If you're a buyer, how can you take advantage of some of the really great deals that do appear, like those 2 REOs? First, can you pay cash? Or do you have such a large down payment that your loan can be under $417,000? You are in good shape. If you already own a home that you have to sell in order to buy another, you need to put it on the market and sell it for whatever you can and be willing to rent until you find the deal you want. It's not that difficult, there are lots of rentals out there right now. And when you're ready, don't be confused by the short sales you see on the market. Just ignore them and look at the homes that you have some chance of actually purchasing.

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What's Real in Real Estate Today? Part 1.

Well, I'll tell you one thing that's not real is a short sale. Those are properties where the sales price won't be enough to cover the loan and closing costs, so the bank has to agree to take less than they are owed to make the deal work. Guess what? They almost never agree to take less! They don't care that they may make less eventually when they have to sell it as a foreclosure. They want to make an example of these irresponsible sellers and make them suffer for getting themselves into such a financial pickle. If you are such a seller and need to sell, you had better be in real financial trouble or your short sale will not be approved. That means you can't have any other assets, or if you do, you have to give them to the bank. They'll transfer what you owe to another property, or they'll take a promissory note if you don't own any other real estate. And you almost always have to already be in default on your loan, so your credit is trashed regardless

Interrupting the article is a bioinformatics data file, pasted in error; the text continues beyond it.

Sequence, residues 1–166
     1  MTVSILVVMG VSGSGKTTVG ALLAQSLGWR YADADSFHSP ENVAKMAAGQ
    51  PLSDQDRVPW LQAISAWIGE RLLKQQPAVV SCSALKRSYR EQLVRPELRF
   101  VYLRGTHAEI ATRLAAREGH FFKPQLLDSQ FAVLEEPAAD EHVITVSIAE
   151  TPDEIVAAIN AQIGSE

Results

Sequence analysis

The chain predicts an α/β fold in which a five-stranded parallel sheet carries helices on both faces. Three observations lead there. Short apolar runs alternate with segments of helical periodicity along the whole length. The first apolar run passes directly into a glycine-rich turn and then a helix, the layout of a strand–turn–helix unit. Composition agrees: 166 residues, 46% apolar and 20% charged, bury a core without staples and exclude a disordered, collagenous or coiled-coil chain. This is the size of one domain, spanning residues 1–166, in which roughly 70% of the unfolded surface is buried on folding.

So, you the prospective buyer say, what's the harm in looking at short sales? Here's the problem: you are wasting your time. Not just by looking at unlikely properties, but what if you fall in love and make an offer? What if it's actually accepted, pending lender approval, of course? Then you waste even more time waiting weeks, even months to find, 95% of the time, that the lender turned the deal down and foreclosed on the property yesterday. Not only is that really frustrating, but you have a huge loss in missed opportunities. That cute little foreclosure on the next street that sold in a day. That regular sale that sold in multiple offers last week. Oh, yes, and even though the paper says that the prices are dropping, now that you're back in the market it seems like anything that's any good is $20,000 higher than you thought you were going to pay with the short sale.